Alzheimer’s Association offers tips to celebrate the holidays while adjusting to a diagnosis
SPRINGFIELD, Mo. (KY3) - Many families plan to celebrate the holidays together, but it can also pose new challenges for those diagnosed with Alzheimer’s.
Samantha Whittaker, program manager for the Greater Missouri Chapter of the Alzheimer’s Association, says a person’s interests and physical capabilities may change from the disease.
“Talk about the family traditions you want to keep,” Whittaker says. “Be honest as a caregiver. As family coming in, what traditions are important to us. How can we modify these to make sure that it is meeting the needs of everyone.”
A diagnosis can take some time for family members to adjust.
“It’s hard and it’s heartbreaking, changing traditions that maybe you’ve done for 30-plus years,” Whittaker says. “Honesty is the best policy. Reach out to the people who are going to be engaging in holiday celebrations and be honest about the changes that they’re going to encounter in communication, in appearances, in the way they maybe walk through the room.”
Whittaker says being a good listener is key.
“It’s important to be compassionate, be kind and be patient,” Whittaker says. “Remember that they may need a tap on the shoulder. Even though you’ve known them for years, you may need to say your name and how you know them. Maybe they have forgotten.”
Sheila Groves has been married to her husband Lionel for 51 years. Last month, doctors officially diagnosed him with Alzheimer’s.
Groves says she’s been honest about her husband’s diagnosis with her family.
“Dad’s not doing this anymore, so maybe when you come, we won’t go out to dinner anymore,” Groves says.
Because of that, they’re able to set new expectations for the holidays.
”Every single day has to be treasured because nobody knows,” Groves says. “They have ups and downs. He has good days and bad days and we just deal with that.”
That means the holidays are going to look different for their family this year.
“He gets very nervous and agitated shall we say when there’s too many people and he can’t keep up,” Groves says. “He does pretty well, but there’s times. He knows how to remove himself from the situation and go into the other room.”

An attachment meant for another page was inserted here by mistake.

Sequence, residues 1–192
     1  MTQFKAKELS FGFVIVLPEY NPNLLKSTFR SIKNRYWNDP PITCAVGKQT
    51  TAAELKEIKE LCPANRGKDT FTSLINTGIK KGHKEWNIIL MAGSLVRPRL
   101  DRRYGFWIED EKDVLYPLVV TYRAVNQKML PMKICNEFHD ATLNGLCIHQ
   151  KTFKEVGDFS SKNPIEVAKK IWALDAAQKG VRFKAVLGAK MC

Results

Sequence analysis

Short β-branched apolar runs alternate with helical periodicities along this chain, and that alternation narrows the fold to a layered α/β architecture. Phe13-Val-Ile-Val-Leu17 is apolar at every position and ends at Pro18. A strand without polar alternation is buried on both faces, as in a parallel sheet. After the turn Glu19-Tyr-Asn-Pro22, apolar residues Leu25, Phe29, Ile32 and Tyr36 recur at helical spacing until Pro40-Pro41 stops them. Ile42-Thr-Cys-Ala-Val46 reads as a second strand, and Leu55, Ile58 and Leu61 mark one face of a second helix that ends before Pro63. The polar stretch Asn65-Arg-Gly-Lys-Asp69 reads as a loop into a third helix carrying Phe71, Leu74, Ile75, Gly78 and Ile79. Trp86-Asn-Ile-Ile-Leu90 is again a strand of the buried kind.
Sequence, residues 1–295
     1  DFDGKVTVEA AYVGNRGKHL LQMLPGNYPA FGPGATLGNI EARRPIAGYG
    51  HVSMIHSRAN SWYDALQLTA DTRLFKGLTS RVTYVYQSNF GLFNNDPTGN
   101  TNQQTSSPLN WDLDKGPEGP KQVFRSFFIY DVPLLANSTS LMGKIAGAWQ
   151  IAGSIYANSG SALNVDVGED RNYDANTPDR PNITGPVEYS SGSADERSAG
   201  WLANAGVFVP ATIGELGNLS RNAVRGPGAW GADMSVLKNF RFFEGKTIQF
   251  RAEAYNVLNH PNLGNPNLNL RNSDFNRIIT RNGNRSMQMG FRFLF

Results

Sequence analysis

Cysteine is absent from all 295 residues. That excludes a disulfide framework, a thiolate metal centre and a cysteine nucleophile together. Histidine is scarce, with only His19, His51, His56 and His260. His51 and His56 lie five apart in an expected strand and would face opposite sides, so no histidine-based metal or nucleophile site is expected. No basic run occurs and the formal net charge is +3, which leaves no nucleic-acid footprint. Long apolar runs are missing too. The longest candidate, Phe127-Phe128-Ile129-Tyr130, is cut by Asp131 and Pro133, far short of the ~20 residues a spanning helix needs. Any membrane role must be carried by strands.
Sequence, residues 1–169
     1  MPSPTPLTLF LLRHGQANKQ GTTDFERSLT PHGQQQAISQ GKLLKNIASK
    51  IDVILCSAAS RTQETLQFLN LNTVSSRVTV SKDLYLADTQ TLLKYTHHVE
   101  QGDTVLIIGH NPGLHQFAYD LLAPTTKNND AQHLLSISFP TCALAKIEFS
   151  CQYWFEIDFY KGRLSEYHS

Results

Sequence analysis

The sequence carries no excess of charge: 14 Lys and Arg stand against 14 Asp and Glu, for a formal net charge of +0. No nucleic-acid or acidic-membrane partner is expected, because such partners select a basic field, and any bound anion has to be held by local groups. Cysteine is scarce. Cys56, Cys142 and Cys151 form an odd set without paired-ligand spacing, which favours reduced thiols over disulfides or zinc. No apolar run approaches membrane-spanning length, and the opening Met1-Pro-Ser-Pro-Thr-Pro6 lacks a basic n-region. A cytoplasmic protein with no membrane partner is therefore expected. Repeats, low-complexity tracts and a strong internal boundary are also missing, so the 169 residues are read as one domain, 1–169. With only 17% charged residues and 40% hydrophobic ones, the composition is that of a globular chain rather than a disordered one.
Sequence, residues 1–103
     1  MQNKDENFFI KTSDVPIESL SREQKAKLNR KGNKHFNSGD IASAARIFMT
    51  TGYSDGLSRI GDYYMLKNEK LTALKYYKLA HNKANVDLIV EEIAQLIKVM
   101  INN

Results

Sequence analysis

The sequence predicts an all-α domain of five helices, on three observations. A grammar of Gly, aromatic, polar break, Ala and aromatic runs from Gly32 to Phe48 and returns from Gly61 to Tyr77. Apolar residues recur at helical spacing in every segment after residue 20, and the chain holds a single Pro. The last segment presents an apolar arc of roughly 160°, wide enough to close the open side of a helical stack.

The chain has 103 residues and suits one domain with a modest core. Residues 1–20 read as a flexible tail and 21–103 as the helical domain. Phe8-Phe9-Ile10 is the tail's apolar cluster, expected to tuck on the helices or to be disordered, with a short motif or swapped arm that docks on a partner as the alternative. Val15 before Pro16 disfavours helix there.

That can cause traditions to change.
“Maybe they don’t have an interest,” Whittaker says. “Maybe they don’t understand. Maybe they’re not physically able to do those things they’ve done in the past. How do we make sure that the individual with dementia, and the caregiver, and all the people that are participating in holiday traditions are continuing to have a beneficial and loving time together.”
Whittaker says it’s also crucial to support the caregivers.
“Allow them to take some time to also enjoy the holiday,” Whittaker says. “It begins with honesty and being compassionate, not only towards the individual with dementia, but the caregiver. Caregiving is a 24/7 job that is usually for someone who you hold dear that is battling a horrible disease. They also need the ability and opportunity to enjoy the holidays so offer to help.”
Whittaker says to show them support not only emotionally, but by chipping in around the house as well.
“Maybe you’ve always stayed with them in their home,” Whittaker says. “Maybe you need to ask to stay somewhere else. Ask to run errands. Ask to chip in.”
For Groves, her family is already helping for the holidays. Her granddaughter has already offered to cook the big Thanksgiving dinner.
“Grandma, I don’t want you to do anything, just bring Grandpa,” Groves says. “Obviously we don’t stay as long because it’s just too much for him and he gets too tired. Before he was the life of the party.”
The changes don’t make the holidays any less special.
“Enjoy what time you have with them and you treasure that,” Groves says.
Whittaker says there’s always the opportunity to make new traditions as a family.
“As we age, we grow and our lives change,” Whittaker says. “Just because we’re not doing the traditions we’ve done for years doesn’t mean that we can’t build new traditions with the individuals that we love and build new traditions with the individual with dementia. That can be a new tradition that we carry on through our lives that mean a lot to our children and our grandchildren and our great-grandchildren.”
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